With more and more aspiring authors being rejected, what must one do to get noticed? One of the reasons for rejection is that writers fail to see the considerable change in reading habits over the last decade and that mergers and acquisitions have compelled bigger companies to demand more from authors. Also, the progress of communication technology and the entertainment industry has brought more competition to the publishing industry. Notwithstanding what the cultural pundits say, the typical book-buyer today no longer looks for great insights into the human condition; it is entertainment that pushes up sales.
So what should be the starting point for an author in the making? There are four key points: Study the market; read what has made other authors successful; what do they offer that you may be missing out? Will buyers pay about Rs 150 to read what you have to say? In other words, if the book has marketing potential, which is the crucial word. Literary excellence may still matter to some publishers, but the first line that a publisher looks at is the bottom line.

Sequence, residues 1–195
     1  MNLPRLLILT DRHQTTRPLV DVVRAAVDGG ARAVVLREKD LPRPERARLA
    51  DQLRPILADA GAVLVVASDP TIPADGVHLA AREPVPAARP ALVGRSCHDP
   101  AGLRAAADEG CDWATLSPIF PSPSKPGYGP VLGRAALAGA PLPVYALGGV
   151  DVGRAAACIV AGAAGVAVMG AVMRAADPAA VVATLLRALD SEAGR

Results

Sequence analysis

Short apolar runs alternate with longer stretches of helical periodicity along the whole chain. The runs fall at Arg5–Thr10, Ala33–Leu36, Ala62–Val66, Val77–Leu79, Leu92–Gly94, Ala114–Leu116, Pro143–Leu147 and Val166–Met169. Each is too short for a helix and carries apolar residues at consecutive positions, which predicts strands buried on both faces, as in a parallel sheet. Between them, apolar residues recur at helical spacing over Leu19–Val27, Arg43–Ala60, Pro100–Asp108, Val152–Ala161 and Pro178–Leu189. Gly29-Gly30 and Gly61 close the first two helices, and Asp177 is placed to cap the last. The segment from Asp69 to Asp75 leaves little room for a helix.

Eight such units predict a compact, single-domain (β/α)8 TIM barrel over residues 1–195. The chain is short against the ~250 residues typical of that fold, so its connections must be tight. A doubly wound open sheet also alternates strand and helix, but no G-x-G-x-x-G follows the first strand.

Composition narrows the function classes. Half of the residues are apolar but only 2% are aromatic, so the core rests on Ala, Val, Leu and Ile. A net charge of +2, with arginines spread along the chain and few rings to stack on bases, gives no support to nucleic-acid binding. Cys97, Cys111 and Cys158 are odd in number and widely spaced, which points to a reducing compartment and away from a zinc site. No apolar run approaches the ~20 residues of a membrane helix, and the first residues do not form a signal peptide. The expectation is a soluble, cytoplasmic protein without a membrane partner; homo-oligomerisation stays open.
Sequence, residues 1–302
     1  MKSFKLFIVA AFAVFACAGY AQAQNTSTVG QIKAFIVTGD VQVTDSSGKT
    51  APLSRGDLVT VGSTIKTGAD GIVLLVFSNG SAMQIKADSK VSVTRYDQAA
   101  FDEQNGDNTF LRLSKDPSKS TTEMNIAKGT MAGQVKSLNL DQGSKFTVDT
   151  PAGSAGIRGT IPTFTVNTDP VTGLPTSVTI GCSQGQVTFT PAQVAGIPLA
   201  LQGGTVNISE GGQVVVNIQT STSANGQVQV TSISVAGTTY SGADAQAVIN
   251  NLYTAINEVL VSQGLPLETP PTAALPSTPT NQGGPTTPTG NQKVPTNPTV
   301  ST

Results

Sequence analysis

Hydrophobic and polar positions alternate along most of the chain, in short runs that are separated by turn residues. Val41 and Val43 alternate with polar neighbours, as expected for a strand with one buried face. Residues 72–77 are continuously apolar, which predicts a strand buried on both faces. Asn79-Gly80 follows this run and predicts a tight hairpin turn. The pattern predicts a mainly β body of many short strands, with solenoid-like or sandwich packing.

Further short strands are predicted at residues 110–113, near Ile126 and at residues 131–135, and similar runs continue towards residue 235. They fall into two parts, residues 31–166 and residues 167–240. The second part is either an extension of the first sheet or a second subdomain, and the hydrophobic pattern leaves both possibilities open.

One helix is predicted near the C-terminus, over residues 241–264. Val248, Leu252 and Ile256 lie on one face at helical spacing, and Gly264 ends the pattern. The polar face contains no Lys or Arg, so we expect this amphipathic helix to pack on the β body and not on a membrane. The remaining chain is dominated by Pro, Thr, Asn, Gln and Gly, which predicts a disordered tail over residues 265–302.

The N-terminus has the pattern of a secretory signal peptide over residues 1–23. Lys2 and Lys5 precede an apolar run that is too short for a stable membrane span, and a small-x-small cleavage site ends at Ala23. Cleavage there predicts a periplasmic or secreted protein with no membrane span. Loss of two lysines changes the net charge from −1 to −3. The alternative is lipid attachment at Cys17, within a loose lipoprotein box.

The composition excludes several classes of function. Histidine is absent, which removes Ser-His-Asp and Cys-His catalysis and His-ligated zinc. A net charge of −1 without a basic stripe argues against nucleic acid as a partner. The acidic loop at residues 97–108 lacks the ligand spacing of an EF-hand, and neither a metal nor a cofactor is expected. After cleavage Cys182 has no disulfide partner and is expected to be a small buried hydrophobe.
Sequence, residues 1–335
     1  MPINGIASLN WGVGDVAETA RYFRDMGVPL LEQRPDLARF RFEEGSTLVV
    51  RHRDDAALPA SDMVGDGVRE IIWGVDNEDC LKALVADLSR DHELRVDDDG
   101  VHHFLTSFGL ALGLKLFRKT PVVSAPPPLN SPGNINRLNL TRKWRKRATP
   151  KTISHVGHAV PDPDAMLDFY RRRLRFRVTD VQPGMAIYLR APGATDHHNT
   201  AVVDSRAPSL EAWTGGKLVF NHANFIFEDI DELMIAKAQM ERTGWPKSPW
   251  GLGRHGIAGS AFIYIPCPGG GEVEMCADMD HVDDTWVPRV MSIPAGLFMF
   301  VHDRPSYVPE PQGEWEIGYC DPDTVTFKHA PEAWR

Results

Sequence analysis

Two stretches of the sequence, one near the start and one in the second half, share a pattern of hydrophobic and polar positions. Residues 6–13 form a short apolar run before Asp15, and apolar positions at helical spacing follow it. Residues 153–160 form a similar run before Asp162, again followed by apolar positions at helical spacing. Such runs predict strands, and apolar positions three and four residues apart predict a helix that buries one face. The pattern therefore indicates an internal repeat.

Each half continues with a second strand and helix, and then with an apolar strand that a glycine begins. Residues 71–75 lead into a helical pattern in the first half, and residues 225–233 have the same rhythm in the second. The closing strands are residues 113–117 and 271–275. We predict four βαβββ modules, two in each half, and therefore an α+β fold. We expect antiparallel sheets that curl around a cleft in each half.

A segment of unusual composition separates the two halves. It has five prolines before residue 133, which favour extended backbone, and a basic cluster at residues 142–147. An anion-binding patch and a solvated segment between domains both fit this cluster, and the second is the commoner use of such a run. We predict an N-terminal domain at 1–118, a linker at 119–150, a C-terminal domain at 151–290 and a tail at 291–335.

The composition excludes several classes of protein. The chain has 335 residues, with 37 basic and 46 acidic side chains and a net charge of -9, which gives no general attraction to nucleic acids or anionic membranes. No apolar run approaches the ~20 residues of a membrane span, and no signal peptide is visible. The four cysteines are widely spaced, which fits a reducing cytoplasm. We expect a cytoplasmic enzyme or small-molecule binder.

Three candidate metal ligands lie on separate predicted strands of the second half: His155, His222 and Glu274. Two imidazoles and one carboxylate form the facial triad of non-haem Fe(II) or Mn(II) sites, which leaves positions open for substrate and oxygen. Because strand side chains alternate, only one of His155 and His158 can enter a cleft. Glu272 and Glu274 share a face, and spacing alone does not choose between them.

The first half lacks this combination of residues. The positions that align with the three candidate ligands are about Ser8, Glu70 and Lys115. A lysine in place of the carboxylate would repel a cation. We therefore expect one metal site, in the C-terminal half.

So how do you go about it? First, find the publisher who focuses on your areas of interest. Not every publisher handles every subject now. Aspiring authors would be wasting time and money submitting proposals that don’t suit a publisher’s list. Second, resist the urge to go only for leading publishers. They don’t give much attention to unsolicited material. And, in India at least, celebrity status takes an author a long way: writers with easily recognizable profiles are preferred because publishers don’t have to invest in order to tell readers who the authors are.
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